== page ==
Google’s CEO thinks mobile phones should be free to consumers in return for them accepting advertising in various forms on the devices.
During a speech given to students at Stanford University, Eric Shmidt said that as mobile phones become more ubiquitously used for surfing the web, shopping, and texting, advertisers will be more and more eager to subsidise the devices.
Google, always keen to be innovating new revenue streams, is currently trialling advertisement through text and video ads, as well as branding. It’s ideas are hot property in Japan, where mobile phone usage for shopping and watching TV is common.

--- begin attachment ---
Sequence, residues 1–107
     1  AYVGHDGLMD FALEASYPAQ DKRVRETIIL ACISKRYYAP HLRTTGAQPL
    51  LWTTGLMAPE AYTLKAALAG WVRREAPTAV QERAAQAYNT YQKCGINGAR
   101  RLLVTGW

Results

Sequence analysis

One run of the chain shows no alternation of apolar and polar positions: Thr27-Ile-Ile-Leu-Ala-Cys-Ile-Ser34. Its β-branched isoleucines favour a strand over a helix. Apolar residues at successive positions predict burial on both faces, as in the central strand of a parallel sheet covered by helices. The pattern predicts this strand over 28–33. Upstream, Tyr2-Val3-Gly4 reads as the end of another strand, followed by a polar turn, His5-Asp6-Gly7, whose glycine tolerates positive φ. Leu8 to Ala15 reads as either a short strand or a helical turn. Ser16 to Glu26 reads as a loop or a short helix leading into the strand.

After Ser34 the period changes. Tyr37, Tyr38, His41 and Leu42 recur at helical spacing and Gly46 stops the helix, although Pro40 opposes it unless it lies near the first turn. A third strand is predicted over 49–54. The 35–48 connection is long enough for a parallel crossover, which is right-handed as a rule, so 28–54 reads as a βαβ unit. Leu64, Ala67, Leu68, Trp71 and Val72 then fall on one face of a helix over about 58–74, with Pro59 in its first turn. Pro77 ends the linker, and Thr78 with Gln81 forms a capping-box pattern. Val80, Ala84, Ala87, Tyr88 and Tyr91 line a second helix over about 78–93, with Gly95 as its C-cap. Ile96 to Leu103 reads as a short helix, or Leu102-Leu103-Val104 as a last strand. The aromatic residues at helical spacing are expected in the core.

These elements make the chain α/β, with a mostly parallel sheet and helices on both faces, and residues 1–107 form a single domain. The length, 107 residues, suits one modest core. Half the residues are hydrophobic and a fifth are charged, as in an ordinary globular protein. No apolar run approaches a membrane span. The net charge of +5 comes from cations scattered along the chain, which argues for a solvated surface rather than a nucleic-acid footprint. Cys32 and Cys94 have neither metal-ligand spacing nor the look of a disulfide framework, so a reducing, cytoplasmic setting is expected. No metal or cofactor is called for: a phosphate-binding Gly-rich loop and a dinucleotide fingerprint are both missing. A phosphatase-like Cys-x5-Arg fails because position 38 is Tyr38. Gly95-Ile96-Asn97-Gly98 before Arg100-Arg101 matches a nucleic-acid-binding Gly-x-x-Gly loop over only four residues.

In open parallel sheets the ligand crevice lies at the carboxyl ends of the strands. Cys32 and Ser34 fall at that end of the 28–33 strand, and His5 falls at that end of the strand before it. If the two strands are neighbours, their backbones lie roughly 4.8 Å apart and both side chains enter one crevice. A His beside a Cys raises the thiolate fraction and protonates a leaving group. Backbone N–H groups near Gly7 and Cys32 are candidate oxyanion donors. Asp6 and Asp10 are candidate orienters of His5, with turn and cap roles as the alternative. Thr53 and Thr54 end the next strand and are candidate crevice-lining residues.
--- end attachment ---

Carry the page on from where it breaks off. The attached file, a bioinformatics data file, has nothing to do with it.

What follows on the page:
However, Schmidt did note that mobiles may not ever be completely free, comparing them to newspapers after they became ad-supported.
In the presentation Schmidt also noted that Google is working to figure out how to allow users to get control of personal data, which is currently stored on Google servers. He likened the idea to the US government-mandated program that allows mobile phone users to keep their mobile numbers when switching network providers.